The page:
There are a variety of reasons why a business would voluntarily close. Maybe an owner became ill or suddenly passed away. Maybe there is no longer a competitive market for the business. Maybe the business or the funds were mismanaged. The reason could be anything and everything.
When a business’ owners decide it’s time to close the business, they must take several legal steps in a process called “dissolution.” You can read the full Florida statute by clicking here. The main takeaway is this: You can’t simply shut the doors, cease all operations, and walk out the door if you own a business in Florida (or anywhere). If you do, you will likely be personally liable for the business’ debts.
In a nutshell, there are two ways to dissolve a Florida corporation. If the incorporators have not issued any shares or started doing business, then it can submit Articles of Dissolution. The other way is by vote of a majority of shareholders at a shareholder meeting. Of course, the laws for dissolution are more nuanced than what we cover in this blog. If you need help dissolving your Florida corporation, seek the help of a trusted Florida business law attorney.
NOTE: Winding down is the phase after dissolution. After the dissolution phase, your corporation will continue to exist, but only to “wind down” or to take care of the last few remaining loose ends. During this time, the business cannot continue to operate normally except to take care of those loose ends. This is covered under the Florida Business Corporation Act (BCA), which you can view here. According to the BCA, allowable actions during the winding down process include:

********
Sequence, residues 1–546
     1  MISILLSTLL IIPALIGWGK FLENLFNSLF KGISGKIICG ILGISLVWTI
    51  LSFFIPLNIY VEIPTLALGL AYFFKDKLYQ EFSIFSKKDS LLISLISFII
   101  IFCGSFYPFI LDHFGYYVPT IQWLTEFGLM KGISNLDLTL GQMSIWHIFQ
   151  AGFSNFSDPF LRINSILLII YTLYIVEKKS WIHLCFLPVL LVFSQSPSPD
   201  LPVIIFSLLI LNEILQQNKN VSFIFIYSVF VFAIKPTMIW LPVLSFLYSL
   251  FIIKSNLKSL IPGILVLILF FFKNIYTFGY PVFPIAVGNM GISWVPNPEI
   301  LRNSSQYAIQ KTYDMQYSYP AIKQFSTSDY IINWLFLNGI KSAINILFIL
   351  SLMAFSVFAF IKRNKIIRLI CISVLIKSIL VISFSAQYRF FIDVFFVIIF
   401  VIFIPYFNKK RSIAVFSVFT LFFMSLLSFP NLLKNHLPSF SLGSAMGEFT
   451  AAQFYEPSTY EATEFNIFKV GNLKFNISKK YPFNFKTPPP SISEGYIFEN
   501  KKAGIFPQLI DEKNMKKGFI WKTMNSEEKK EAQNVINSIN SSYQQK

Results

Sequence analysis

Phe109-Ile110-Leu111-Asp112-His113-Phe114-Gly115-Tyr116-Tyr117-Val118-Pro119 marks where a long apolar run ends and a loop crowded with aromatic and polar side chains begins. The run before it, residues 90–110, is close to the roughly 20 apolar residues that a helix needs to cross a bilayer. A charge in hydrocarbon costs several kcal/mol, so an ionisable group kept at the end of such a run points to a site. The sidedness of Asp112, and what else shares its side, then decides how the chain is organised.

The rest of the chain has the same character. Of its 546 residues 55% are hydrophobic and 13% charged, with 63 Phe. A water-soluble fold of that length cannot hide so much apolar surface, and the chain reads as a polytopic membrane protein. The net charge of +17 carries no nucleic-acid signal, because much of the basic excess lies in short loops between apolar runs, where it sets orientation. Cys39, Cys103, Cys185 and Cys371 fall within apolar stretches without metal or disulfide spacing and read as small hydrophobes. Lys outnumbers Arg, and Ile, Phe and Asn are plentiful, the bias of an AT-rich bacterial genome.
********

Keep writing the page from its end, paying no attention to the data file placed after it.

- Collecting the corporation’s assets
- Disposing of its properties that will not be distributed to its shareholders
- Discharging or marking provisions for discharging its liabilities
- Distributing the remaining property to the shareholders according to their interests
- Doing everything else necessary to wind up the corporation and liquidate its assets, business, and affairs
All liabilities of the corporation must first be discharged before it can distribute any remaining assets to the shareholders.
Contact the Trembly Law Firm
At Trembly Law, we have helped many Florida corporations go through the dissolution and winding down process. There are legal nuances to every dissolution that DIY legal forms don’t cover. Please call us at (305) 431-5678 or contact us here if you have any questions. Our qualified team would be more than happy to assist you.